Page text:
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Author Topic: Keyes / Phelan Family Information  (Read 1672 times)

Fergus Keyes

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Keyes / Phelan Family Information
« on: October 04, 2013, 01:26:01 PM »

    In answer to Cynthia Phelan's post about my trip to Ireland with my sons a few years ago and our visits to various cemeteries. The first cemetery was in Ballyragget. It is a little hard to find and we were only able to locate it with the help of locals. It is off the main road going into to Ballyragget, I think from Kilkenny city. It has a small sign that points down this dirt road, about ¼ mile before you get to Balleyragget, and the sign says “Donaghmore Cemetery”. (Donaghmore was apparently a name for Balleyragget at some time in the past). After you go down this little dirt road, it leads you right to an old cemetery. And in that cemetery were the names that looked like a “who’s who” of St. Columban. There were many Phelan stones, as well as, other names familiar to St. Columban. Unfortunately, the photos I took did not come out very well especially since the stones were very old and faded. There is still a big Phelan presence in the Ballyragget area, included two current elected official – an Ann Phelan and a John Paul Phelan. We also visited the cemetery in Castlecomer, where I think there were more Phelans. But at neither cemetery could we find any Keyes stones, which I will address in my next post.

    While we at the Castlecomer cemetery, one of my sons yelled out that he couldn’t see any Keyes stones, and another local in the cemetery said that if we were looking for Keyes in Kilkenny, the only place we might find them was in a little village called Clogh (pronounced as clock) which is in turn about 12 miles or so from Ballyragget. So there we found a very small town with a very large Church (like you see in Quebec towns) which I think was called St. Patrick’s. There is a cemetery attached to this Church and there we finally found a couple of Keyes stones. Again they were very old and very faded. Interesting the name was written with the extra “e” as in Keyes rather than Keys. Somehow, this little town of Clogh seemed to be the right place, although I have no actual prove that this is where the Keyes family originated. Again, it looked like all the names from  St. Columban in this cemetery including, Ryan; Brophy, Delaney, etc.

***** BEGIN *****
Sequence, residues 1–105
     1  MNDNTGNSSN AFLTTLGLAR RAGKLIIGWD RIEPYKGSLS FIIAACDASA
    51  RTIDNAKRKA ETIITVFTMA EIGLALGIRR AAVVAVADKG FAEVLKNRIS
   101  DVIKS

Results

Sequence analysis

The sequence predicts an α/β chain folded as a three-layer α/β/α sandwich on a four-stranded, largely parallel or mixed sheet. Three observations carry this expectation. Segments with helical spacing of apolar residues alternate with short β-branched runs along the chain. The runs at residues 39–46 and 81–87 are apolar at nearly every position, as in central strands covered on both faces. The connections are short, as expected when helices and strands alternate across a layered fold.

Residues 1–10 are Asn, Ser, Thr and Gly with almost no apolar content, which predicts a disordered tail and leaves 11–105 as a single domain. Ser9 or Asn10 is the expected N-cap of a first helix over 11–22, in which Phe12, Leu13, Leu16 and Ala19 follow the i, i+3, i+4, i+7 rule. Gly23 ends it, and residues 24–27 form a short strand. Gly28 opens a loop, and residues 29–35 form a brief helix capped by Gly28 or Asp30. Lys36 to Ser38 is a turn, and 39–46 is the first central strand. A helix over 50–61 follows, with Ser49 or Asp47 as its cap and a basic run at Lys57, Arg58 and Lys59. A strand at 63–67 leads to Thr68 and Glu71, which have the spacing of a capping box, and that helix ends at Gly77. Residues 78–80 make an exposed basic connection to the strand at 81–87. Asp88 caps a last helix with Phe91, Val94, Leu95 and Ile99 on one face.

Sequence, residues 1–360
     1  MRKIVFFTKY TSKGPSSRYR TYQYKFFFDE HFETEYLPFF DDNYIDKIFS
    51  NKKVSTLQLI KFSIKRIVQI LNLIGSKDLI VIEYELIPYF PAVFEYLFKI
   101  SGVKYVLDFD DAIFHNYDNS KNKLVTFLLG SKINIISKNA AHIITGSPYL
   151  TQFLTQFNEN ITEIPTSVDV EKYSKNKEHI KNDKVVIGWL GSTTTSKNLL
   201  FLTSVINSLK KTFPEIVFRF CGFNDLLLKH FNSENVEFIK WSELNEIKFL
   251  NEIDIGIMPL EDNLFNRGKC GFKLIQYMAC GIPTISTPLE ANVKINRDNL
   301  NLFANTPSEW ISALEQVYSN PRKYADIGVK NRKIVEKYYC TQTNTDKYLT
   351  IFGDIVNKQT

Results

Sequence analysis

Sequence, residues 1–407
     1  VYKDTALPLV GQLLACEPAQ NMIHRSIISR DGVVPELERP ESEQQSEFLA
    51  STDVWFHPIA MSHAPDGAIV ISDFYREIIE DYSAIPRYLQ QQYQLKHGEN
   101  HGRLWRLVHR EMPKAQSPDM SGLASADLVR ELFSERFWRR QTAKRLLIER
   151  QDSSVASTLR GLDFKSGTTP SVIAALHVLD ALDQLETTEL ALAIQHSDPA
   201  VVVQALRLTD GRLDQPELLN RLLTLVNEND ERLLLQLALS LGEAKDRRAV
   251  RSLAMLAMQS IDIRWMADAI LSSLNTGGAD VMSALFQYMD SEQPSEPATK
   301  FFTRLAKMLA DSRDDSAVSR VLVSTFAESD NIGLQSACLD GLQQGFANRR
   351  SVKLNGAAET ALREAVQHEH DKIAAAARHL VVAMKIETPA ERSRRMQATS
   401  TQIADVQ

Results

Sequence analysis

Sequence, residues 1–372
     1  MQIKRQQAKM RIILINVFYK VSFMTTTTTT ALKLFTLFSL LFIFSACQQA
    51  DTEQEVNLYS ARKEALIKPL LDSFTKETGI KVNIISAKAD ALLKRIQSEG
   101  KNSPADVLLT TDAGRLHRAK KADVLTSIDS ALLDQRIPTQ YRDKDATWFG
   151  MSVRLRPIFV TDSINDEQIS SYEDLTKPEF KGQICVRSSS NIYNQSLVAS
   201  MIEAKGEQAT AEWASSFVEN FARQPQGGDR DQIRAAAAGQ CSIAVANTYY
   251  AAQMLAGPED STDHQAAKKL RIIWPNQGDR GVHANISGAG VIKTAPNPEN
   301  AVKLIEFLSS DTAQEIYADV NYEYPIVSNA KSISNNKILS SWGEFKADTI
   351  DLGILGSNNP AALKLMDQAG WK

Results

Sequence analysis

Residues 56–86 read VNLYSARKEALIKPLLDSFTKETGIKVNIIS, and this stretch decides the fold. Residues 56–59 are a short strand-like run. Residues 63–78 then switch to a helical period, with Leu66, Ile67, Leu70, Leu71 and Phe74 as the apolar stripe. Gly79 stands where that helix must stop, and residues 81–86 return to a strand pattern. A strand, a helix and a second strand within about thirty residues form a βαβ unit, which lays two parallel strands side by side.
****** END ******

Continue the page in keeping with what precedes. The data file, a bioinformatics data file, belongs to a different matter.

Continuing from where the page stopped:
I also received this note from Kieren Keyes from Cork Ireland who outlined the following:
 The records from the Tithe Applotments, taken in 1823 give the following records
 There is one Honora Phelan listed for the entire country. She is located in Cloonaleen, Clogh Co. Kilkenny and is listed as "widowed". She is probably aged around 37 at this stage. Possibly a relative of your Honora Phelan.
There are four Patrick Keys listed for the entire country. One is my ancestor who lived in Chatsworth near Clogh Co. Kilkenny.
 Another Patrick Keys is listed at Cloneen, Clogh, Co. Kilkenny which is the same small village where Honora Phelan was living.
 Clogh village is located about twelve miles away from Ballyraggett Co. Kilkenny that you mention.
In those days the oldest son was invariably named after the paternal grandfather. In your case the oldest boy of Patrick Keys (who emigrated to Canada) was named Andrew. This is a strong clue that Patrick's father was also named Andrew Keys.
 If you look at the 1901 census for Ireland there is a young child listed for Cloneen Clogh Castlecomer as "Andrew Keys"
 This is, of course, not the same Andrew Keys as yours in Canada but you can be sure that there is a connection to you there.
 I would feel very confident that the Keys family of Cloneen, Clogh, Co. Kilkenny are your relatives.
 In the 1911 census of Ireland, Michael Keys (45) was living with his wife Margaret in Cloneen, Clogh, Co. Kilkenny … Their children are listed as Andrew, Mary, Anne, Maggie and Julia. (my note – it is interesting that all of these names are very similar to the names that my Patrick gave his own children, including Andre who was my great grandfather)
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